Don’t Gamble with your password resets!

Written by Inspired Solutions on 20 June 2018 in Sponsored Article
Sponsored Article

The cautionary tale of the Leicestershire teenager who hacked high-ranking officials of NATO allies shows the need for improved password security

Kane Gamble, the Leicestershire teenager, is the terrifying example of what happens when IT help desk security measures take a disastrously wrong turn.

Gamble was only 15 years old when he waged an eight-month campaign of “cyberterrorism” between June 2015 to February 2016, whereby he gained access and leaked the details of high-ranking foreign intelligence officials and government employees.

By impersonating his multitude of victims while on the phone, he conned call centres and IT help desk employees at international telecommunication companies into divulging confidential information. 

From there, Gamble proceeded to reset passwords and gain access to “extremely sensitive” documents on military operations in Iraq and Afghanistan. Not only did the teenager have unlimited access to secure information, his reign of cyber terror continued after deliberately leaking details of 20,000 security officials and targeting the boss of the foreign country’s spying agency, as well as the ex-director of the foreign country’s home security agency. 

This personal, sensitive information was leaked online to various websites, including WikiLeaks.

The passwords of the ex-deputy director of the country’s home security agency were reset, and he claimed he and his family were bombarded with phone calls, resulting in them getting police protection. 

Gamble used the phone numbers he obtained to call and taunt his victims and their families and take control of their devices, including iPads. 

Evoking fear amongst his victims, the British teenager hacked into the country’s security chief’s home television and made the words ‘I own you’ appear on screen. The wife of the country’s homeland security chief was left a chilling voicemail message asking: “Hi Spooky, am I scaring you?”.

Prosecutor John Lloyd-Jones QC told a sentencing hearing at the Old Bailey: "The group incorrectly have been referred to as hackers. The group, in fact, used something known as social engineering, which involves socially manipulating people – call centres or help desks - into performing acts or divulging confidential information."

With a British teenage boy, who had not yet even sat his GCSEs, being able to gain access to the foreign country’s top-secret government files, the security of passwords and the information delivered by IT help desks has become subject of intense scrutiny and investigation.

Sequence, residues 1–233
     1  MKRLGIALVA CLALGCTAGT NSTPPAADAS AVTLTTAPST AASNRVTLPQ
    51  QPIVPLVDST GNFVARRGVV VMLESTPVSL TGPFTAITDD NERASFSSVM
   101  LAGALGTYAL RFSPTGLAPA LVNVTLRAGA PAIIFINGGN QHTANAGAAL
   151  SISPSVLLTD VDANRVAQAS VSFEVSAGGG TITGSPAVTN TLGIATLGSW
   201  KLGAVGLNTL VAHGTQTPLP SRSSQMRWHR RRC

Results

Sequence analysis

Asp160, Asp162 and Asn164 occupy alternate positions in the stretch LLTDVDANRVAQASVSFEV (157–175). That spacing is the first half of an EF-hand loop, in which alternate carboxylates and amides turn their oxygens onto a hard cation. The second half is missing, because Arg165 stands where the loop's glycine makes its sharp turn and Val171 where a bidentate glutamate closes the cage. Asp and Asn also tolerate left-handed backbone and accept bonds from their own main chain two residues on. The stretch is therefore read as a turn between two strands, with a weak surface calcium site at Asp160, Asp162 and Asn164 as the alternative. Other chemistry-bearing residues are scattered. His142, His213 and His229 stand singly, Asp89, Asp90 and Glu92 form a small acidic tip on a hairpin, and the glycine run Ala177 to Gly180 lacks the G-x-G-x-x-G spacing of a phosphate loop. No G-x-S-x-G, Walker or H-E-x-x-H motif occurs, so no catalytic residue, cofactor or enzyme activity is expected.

Using self-service password reset with multi-factor authentication (i.e. sending a code via SMS) would have prevented all these breaches. 

That’s why major organisations that want to be as secure as possible use ReACT – the leading self-service password reset tool. ReACT can secure all your systems and is the only solution that can secure all three security systems on the mainframe. 

 

Inspired Solutions distributes software in the UK and Ireland. Its portfolio of products addresses the most important areas in the datacentre for both mainframe and distributed platforms.

Share this page

Tags

Categories

Related Articles

Cybercrime picked as key focus for new National Crime Agency chief
19 August 2022

Graeme Biggar has finally been confirmed as the head of the national body after a rerun of the procurement process

New PM will need to act fast to get a handle on risk-management, report finds
28 July 2022

Think tank cites growing cyberthreats and a lack of incentives for policymakers to develop technical skills

Government reveals ambition to drastically reduce cybercrime
21 September 2022

Consultation launched on how to ‘reduce the security burden on citizens’

Cabinet Office to lose one in four staff – but no detail yet on impact for digital agencies
23 August 2022

Jacob Rees Mogg trailed 25% job cuts in a Telegraph article, which unions label as the minister’s latest in a series of ‘increasingly bizarre’ pronouncements

Related Sponsored Articles

Rewiring government: improving outcome management
6 September 2022

Paul Pick-Aluas, Strategy & Transformation, Public Sector at Salesforce, explains how governments can use technology innovation to improve how it can analyse outcomes

Keeping tabs on work-issued mobile activity with Antenna
7 September 2022

How can public sector organisations keep track of calls, texts and instant messages in the world of ultra-flexi, hybrid working? Stuart Williams, CTO at FourNet, and Andrew Bale, EVP at Tango...